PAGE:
Expectations regarding acceptable behavior are going to differ depending on the place. Going by this theory of places, the only place where a professional demeanor is imposed from above is in the workplace. You don't have to act professionally at home. As a customer in a cafe, or in a club, the expectations are those appropriate for being in that setting. And if we talk about taverns, then the behavior which is acceptable there is much broader than what is required by professional standards.

The privilege page for chat, which is probably what introduces the concept to most users puts front and center the notion that chat is a third place, and explains:

All sites have a real time web chat component, or as we like to call it, the "third place".

The third place is a term used in the concept of community building to refer to social surroundings separate from the two usual social environments of home and the workplace. In his influential book The Great Good Place, Ray Oldenburg argues that third places are important for civil society, democracy, civic engagement, and establishing feelings of a sense of place.

Most needed are those ‘third places’ which lend a public balance to the increased privatization of home life. Third places are nothing more than informal public gathering places. The phrase ‘third places’ derives from considering our homes to be the ‘first’ places in our lives, and our work places the ‘second.’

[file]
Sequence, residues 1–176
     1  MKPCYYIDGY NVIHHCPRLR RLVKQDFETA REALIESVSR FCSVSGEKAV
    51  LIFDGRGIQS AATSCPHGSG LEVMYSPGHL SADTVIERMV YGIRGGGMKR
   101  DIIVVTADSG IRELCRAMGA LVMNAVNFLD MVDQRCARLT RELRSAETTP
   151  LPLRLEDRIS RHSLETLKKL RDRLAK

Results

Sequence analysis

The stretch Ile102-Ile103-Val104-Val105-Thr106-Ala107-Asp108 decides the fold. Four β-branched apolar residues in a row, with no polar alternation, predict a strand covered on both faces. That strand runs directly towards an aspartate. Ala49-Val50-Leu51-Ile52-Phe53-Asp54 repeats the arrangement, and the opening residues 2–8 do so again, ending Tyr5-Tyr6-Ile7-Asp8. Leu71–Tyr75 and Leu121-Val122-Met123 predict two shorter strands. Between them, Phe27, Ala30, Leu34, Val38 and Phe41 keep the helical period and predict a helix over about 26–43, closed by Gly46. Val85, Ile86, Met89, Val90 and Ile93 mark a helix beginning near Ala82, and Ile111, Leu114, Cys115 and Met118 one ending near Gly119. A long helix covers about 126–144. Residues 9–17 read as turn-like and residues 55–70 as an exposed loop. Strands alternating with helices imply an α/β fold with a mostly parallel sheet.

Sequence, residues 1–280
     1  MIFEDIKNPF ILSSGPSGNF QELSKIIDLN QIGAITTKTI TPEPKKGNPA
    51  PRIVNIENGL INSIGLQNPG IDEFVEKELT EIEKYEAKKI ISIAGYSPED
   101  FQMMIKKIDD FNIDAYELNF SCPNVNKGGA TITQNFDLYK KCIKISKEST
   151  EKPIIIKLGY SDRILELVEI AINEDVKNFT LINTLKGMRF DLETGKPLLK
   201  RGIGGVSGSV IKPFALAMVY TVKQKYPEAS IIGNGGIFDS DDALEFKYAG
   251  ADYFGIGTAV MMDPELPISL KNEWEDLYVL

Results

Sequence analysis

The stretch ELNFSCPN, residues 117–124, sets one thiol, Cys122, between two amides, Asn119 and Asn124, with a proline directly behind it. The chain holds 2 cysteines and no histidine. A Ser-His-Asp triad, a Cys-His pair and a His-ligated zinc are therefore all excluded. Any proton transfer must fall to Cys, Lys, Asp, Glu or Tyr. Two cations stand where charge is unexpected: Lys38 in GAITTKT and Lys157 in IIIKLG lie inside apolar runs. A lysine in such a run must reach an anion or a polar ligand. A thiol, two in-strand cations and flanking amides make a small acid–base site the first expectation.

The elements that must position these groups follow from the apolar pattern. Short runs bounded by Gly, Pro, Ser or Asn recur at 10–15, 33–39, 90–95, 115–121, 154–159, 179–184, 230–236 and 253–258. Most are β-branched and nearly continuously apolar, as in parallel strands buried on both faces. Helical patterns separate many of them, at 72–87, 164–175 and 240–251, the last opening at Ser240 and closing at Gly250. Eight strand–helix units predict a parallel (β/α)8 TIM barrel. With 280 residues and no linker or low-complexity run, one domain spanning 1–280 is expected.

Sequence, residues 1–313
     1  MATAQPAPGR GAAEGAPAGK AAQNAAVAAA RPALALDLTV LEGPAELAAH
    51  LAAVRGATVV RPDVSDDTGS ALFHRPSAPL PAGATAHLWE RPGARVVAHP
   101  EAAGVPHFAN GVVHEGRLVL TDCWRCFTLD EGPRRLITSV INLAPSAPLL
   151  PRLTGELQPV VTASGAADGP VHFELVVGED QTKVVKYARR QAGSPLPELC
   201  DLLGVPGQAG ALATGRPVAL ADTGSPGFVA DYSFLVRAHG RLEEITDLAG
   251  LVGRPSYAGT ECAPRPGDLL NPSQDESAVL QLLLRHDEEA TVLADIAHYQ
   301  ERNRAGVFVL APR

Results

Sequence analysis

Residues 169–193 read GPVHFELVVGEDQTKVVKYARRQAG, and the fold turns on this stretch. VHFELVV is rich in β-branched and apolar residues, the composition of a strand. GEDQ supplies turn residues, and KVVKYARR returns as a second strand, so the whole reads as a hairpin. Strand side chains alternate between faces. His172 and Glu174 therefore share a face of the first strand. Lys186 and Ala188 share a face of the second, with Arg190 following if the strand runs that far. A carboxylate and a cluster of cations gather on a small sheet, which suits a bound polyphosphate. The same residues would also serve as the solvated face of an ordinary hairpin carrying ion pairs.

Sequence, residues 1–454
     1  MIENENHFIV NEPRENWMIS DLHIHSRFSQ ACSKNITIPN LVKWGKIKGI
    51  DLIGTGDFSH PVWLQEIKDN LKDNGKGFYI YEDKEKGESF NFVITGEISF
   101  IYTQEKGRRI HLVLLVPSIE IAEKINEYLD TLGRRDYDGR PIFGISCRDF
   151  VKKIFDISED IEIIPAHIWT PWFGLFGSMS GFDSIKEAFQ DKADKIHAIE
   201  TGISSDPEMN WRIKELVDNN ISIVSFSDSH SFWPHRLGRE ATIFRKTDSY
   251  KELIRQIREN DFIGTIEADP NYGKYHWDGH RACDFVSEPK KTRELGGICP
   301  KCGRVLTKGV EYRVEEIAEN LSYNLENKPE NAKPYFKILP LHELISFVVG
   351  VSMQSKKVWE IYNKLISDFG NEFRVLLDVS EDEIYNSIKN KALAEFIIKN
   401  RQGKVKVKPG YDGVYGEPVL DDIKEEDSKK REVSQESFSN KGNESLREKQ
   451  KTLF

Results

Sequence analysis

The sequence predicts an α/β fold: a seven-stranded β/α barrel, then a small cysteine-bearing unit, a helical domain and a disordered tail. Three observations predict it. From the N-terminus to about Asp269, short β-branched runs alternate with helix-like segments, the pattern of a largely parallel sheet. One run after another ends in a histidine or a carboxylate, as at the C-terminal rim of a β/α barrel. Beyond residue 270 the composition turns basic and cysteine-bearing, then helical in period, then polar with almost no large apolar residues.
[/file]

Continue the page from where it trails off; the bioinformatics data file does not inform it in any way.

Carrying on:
By saying that chat is a third place, we are giving license to chat users to imagine whatever standard of behavior they want. The standard of behavior could be that of a church, or that of a tavern. But again and again, the third place is contrasted with that one place where professional behavior is expected, the workplace.

But wait... here is what the FAQ currently says:

Do have fun, but please keep it professional and always be respectful of your fellow community members.

(Emphasis added.)

It seems to me if we have to act professionally in chat, then it is in fact an extension of the workplace, and not a "third place" at all. Is it any surprise that users do not agree to what behavior is okay in chat?